Modelling sexually transmitted infections: less is usually more for informing public health policy

National Centre in HIV Epidemiology and Clinical Research, The University of New South Wales, 316 Victoria Street, Darlinghurst, Sydney, NSW 2010, Australia.
Transactions of the Royal Society of Tropical Medicine and Hygiene (Impact Factor: 1.84). 04/2008; 102(3):207-8. DOI: 10.1016/j.trstmh.2007.08.009
Source: PubMed


Mathematical models have been used to investigate the dynamics of infectious disease transmission since Bernoulli's smallpox modelling in 1760. Their use has become widespread for exploring how epidemics can be prevented or contained. Here we discuss the importance of modelling the dynamics of sexually transmitted infections, the technology-driven dichotomy in methodology, and the need to 'keep it simple' to explore sensitivity, to link the models to reality and to provide understandable mechanistic explanations for real-world policy-makers. The aim of models, after all, is to influence or change public health policy by providing rational forecasting based on sound scientific principles.

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    • "The risk of influenza-related morbidity and mortality is typically the highest among the elderly, particularly among residents of long-term care facilities (LTCFs) [1]. Vaccination against influenza in LTCFs is a priority and the Centers for Disease Control and Prevention (CDC) recommend that health care workers (HCWs) in these facilities get vaccinated against influenza annually [2]. "
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    ABSTRACT: Introduction: Vaccinating healthcare workers (HCWs) in long-term care facilities (LTCFs) may effectively induce herd immunity and protect residents against influenza-related morbidity and mortality. We used influenza surveillance data from all LTCFs in New Mexico to validate a transmission dynamics model developed to investigate herd immunity induction. Material and methods: We adjusted a previously published transmission dynamics model and used surveillance data from an active system among 76 LTCFs in New Mexico during 2006-2007 for model validation. We used a deterministic compartmental model with a stochastic component for transmission between residents and HCWs in each facility in order to simulate the random variation expected in such populations. Results: When outbreaks were defined as a dichotomous variable, our model predicted that herd immunity could be induced. When defined as an attack rate, the model demonstrated a curvilinear trend, but insufficiently strong to induce herd immunity. The model was sensitive to changes in the contact parameter β but was robust to changes in the visitor contact probability. Conclusions: These results further elucidate previous studies' findings that herd immunity may not be induced by vaccinating HCWs in LTCFs; however, increased influenza vaccination coverage among HCWs reduces the probability of influenza infection among residents.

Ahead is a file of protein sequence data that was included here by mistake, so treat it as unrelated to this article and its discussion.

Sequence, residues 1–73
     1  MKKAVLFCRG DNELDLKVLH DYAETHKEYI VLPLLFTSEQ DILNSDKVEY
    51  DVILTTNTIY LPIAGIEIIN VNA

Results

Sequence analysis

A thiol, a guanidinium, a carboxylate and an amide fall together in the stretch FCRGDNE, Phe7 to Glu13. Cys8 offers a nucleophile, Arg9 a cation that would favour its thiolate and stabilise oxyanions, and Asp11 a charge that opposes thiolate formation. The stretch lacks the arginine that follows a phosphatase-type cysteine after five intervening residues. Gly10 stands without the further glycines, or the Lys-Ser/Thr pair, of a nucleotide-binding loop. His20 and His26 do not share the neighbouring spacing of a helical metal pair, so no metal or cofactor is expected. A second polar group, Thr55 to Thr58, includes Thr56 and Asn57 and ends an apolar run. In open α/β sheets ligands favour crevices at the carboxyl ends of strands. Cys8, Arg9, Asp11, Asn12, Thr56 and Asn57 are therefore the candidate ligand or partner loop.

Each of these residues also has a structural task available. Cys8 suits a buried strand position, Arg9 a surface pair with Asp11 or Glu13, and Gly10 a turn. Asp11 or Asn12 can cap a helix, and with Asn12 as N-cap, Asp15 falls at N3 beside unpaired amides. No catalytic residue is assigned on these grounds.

Computational and Mathematical Methods in Medicine 06/2015; 2015:1-6. DOI:10.1155/2015/178247 · 0.77 Impact Factor
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    • "The latter approach is particularly useful for low prevalence infections where there is a possibility of extinction and/or where it is necessary to capture events that occur at the level of the individual (e.g., tracing and treating sexual partners of infected individuals). However, for their computational efficiency, analytical tractability and ability to provide mechanistic insights to epidemic dynamics, deterministic ordinary differential equation (ODE) models are often preferred, particularly for endemic infections such as HPV [47]. We have previously developed a deterministic single-type transmission model for HPV-16 [45] and more recently multi-type models for HPV types 6, 11, 16 and 18 in order to evaluate the potential impact of vaccination. "